The combination of good nutrition and exercise to develop a horse’s core is as important for it as it is for the rider.
According to Tayler Etzel, Cargill Animal Nutrition retail account representative, the nutritional aspect for improving a horse’s back structure has become an emphasis for Cargill’s nutritional researchers.
“A horse’s topline is its core,” Etzel said. “Topline health is a big focus right now.”
Etzel talked with visitors of the Wisconsin Horse Council District 5’s tack sale about their horses’ nutritional needs. The event, held Nov. 2 in Sparta, drew together area horse equipment sellers and buyers.
An agriculture business and animal science graduate of Iowa State University, Etzel said Nutrena has been consulting with customers regarding their horses’ nutrition needs and have been changing to meet those needs.
“Nutrena has done some rebranding, basically, of what’s important to our customers,” Etzel said. “Some horses are prone to different issues.”
Among the issues Cargill researchers have focused on is helping horse owners improve or develop their horses’ top lines.
A division of Cargill, Nutrena makes livestock feeds and pet food. Nutrena’s equine specialists work with researchers at accredited universities to help them develop feeds for better horse health.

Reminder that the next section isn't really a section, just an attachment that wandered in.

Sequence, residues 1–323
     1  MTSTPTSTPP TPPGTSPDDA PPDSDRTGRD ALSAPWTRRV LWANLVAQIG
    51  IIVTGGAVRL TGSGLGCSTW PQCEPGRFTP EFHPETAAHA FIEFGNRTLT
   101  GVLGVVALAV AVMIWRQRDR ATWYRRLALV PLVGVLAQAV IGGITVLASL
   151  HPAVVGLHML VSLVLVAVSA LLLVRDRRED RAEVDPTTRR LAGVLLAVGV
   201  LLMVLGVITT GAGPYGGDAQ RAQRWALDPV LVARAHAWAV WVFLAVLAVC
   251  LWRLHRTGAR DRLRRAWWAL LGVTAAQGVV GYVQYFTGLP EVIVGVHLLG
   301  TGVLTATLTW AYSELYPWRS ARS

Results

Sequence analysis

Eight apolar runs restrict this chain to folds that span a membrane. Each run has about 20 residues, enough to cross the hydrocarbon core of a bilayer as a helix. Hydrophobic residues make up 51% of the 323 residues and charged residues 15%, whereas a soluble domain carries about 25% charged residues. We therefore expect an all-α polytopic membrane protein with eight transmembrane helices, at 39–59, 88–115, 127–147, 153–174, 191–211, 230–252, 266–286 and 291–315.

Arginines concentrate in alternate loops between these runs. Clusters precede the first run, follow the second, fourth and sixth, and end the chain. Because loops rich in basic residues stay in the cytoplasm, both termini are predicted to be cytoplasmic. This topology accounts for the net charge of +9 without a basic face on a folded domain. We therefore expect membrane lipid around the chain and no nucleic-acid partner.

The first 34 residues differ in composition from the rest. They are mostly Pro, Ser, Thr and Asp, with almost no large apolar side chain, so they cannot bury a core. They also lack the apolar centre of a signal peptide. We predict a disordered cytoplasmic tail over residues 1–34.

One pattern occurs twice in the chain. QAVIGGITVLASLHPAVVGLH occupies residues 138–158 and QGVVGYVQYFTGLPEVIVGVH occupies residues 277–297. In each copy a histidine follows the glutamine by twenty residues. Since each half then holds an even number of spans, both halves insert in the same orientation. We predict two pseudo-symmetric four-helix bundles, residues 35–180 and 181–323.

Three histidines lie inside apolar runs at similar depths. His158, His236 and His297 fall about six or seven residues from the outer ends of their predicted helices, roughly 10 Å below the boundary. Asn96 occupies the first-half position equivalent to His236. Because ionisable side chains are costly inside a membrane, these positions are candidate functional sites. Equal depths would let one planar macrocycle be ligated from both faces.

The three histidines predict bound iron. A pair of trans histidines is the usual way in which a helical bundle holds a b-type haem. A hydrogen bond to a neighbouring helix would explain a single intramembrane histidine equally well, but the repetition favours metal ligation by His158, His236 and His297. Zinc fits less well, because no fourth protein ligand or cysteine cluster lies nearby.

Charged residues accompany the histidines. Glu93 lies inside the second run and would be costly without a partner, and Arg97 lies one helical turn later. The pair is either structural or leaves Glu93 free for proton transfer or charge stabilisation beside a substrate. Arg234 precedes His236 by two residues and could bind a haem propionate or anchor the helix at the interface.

Concerning a horse’s top line, quality amino acids are vital for improving and building strong muscles. Amino acids are the building blocks of protein, and getting a horse to consume the right blend of the 10 essential amino acids is key.
“The majority of amino acids are not synthesized within a horse’s body, much like that of a human,” Etzel said. “In order to have the means necessary to have strong muscles and overall improved health, horses should consume these amino acids through a Nutrena product like Empower Topline Balance, which has guaranteed amino acid levels of lysine, methionine, threonine and tryptophan.”
Etzel also discussed the products Nutrena has to supplement pastured horses’ diets as well as the nutritional needs of older horses.
Two of the visitors to the tack sale were senior horse owners Sue Jolivette of La Crosse and Kathy Benson of Stoddard. The two credit better nutrition and veterinary care for the longevity of their equine companions.
District 5 has held the sale around the district over the past few years, and organizers believe the Sparta location had the greatest number of vendors. The group is planning to hold another tack sale March 30, 2019, at Club 16 in Sparta.